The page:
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Book Review

Book Cover



Author: Robert Jackson Bennett
Publisher: Jo Fletcher Books
RRP: £14.99
ISBN: 978 1 78648 786 5
Publication Date: 23 August 2018

Sancia scratches out a living as a thief. She is more successful than most as she can hear any scrived object. The city of Tevanne has made its wealth and power on creating scrivings, marked sigils which power almost all objects in the city. When Sancia is hired to steal a small wooden box, from the docks, her curiosity gets the better of her. Inside of the box is a hidden compartment which holds a key. When Sancia picks it up, the key speaks to her…

Foundryside (2018. 503 pages) is a new fantasy series from Robert Jackson Bennett. The story is set in a renaissance type city, which is ruled by four great merchant houses. Indeed the city is so controlled by these houses that the city is physically broken up into four walled areas; the poor live in the areas which separate the merchant houses domains. The city has no overall police force and few laws, making life both cheap and expendable. Gregor does not agree with this and his quest for justice for all means that he has created a force of men who guard the docks, Sancia’s natural enemies.

The book and story rely heavily on the reader understanding what scriving is and a lot of space is devoted to this as it underpins both what is currently happening in the story and the history of the civilisation. Scriving is a way of marking something so that it behaves a particular way. For instance you may attach a scrived plate to a door so that it will only open in some very specific circumstances. Because Sancia can hear the scrivings, so can we the audience. In reality the language of scriving is not dissimilar to computer code, although it also appears to imbue the object with a modicum of intelligence and understanding.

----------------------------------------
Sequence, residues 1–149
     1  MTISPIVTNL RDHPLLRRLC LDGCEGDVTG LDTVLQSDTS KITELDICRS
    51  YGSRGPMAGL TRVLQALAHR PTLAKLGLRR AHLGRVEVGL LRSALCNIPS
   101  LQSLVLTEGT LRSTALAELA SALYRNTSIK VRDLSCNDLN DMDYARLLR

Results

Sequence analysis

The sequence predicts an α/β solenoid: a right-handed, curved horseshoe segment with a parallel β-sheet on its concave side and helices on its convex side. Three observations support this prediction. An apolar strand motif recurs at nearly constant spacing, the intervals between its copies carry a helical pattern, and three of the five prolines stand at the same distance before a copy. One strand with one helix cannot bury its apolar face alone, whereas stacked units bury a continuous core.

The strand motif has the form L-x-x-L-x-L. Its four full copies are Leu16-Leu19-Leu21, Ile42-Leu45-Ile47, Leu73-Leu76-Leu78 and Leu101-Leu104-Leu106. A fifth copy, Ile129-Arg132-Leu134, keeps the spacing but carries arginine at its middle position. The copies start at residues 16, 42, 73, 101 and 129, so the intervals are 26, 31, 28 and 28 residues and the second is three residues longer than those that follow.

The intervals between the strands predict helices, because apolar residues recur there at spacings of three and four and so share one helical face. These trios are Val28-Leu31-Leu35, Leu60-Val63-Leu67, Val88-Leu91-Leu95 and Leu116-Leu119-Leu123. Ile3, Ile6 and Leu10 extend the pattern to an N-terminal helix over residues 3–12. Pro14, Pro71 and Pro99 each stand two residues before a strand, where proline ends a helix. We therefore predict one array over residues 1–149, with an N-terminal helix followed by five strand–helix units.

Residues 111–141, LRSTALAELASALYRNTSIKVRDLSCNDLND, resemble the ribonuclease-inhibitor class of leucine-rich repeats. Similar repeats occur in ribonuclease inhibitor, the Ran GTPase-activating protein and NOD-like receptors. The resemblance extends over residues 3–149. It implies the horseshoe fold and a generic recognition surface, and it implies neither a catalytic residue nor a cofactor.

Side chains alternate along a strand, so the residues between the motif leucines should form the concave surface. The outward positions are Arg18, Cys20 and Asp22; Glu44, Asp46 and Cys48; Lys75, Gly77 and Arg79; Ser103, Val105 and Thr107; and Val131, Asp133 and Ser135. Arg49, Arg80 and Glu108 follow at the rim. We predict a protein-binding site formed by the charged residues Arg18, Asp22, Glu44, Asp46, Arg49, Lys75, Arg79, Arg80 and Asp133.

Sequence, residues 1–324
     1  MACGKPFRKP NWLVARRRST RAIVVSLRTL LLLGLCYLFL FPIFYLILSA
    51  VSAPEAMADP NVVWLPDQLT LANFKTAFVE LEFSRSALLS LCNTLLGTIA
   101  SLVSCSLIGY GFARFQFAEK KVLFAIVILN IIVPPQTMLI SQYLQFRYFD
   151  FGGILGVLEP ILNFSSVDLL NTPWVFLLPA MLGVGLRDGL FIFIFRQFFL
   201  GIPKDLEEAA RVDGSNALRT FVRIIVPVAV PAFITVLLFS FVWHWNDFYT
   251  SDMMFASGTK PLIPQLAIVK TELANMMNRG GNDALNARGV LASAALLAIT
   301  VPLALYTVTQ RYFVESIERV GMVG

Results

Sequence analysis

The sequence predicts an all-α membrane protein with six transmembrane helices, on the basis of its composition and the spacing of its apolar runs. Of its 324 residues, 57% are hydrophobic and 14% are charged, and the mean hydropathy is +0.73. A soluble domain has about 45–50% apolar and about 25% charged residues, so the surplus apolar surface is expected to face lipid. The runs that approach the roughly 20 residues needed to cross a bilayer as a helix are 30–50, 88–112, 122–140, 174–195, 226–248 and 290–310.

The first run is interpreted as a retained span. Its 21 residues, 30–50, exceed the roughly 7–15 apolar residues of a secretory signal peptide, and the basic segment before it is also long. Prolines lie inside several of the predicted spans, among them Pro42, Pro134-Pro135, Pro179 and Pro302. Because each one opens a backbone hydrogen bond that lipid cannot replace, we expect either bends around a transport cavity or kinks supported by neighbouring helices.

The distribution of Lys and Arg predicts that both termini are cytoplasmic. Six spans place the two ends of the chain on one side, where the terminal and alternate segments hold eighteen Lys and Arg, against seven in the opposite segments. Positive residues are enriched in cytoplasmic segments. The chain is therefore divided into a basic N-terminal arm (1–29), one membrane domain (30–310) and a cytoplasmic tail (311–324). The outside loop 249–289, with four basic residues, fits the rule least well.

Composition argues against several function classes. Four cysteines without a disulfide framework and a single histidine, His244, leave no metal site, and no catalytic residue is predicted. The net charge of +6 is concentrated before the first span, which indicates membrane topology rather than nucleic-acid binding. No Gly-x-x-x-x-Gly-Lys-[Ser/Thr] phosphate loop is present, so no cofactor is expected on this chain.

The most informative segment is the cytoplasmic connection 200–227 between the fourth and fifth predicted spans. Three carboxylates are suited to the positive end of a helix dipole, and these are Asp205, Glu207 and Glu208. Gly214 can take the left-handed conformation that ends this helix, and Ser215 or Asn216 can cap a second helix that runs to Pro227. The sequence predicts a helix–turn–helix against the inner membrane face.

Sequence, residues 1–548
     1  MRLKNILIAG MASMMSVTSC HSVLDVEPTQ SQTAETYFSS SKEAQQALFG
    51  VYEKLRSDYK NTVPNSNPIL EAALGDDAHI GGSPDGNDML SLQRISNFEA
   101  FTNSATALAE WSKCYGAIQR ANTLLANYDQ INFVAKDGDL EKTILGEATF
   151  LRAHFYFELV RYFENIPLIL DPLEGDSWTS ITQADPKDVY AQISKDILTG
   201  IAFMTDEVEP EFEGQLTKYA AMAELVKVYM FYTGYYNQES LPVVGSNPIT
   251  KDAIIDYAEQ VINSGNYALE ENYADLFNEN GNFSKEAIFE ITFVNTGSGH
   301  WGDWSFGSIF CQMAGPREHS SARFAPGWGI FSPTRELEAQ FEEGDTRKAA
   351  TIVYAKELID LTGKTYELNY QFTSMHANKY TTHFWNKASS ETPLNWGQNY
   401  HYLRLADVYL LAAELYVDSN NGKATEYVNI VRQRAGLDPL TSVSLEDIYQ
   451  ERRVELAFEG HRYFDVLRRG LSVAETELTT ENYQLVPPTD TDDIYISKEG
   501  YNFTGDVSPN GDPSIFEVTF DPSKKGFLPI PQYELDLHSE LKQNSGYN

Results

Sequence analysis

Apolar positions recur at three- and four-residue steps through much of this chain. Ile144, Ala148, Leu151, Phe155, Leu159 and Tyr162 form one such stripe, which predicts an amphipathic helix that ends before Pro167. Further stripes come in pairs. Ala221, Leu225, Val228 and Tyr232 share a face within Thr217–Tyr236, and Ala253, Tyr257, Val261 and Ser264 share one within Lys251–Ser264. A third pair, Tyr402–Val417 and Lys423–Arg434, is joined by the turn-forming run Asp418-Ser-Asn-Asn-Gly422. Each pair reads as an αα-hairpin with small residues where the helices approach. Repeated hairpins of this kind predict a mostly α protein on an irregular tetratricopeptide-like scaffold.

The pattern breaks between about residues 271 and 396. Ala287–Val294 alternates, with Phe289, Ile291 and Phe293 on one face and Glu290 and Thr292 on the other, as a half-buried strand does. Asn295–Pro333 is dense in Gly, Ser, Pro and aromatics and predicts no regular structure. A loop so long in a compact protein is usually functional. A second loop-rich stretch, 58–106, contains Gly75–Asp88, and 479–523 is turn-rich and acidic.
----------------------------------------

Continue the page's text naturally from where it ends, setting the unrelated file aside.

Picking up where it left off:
When Sancia pick up Clef, the key she stole, she understands that it is something much more. It does not possess the limited vocabulary of an object, but talks like a person, also it is not limited to obeying one set of commands but seems to be an autonomous intelligence. If its value was in doubt, then the fact that everybody connected with the key is being killed convinces her to go on the run. So, Sancia finds herself not only on the run from Gregor who wants to catch her for the theft but also from assassins.

I really liked this first novel of the trilogy. Bennett has woven together a relatively rich backstory in which to set his tale, only revealing enough to make you want to know more. The world building was a little sparse as we learn a lot about how the city works but not a lot about the surrounding environment; this may change in the next two novels.

What really works is the relationship between Clef and Sancia, both damaged and both trying to do the right thing. There is an undertone of a discussion about what it is to be an object. Clef, being a key is defined as such by almost everyone he meets, whereas Sancia, because of her past as a plantation slave as well as the uneven power distribution in the city, struggles not to define herself as an object, even though many of those who meet her treat her so. The book also talks a lot about freedom, freedom of self-determination, often against the mores of your society or the station of your birth.

On the surface the book may seem to be just an exciting series of heists, but dig a little deeper and there is a richer vein to mine.


Charles Packer

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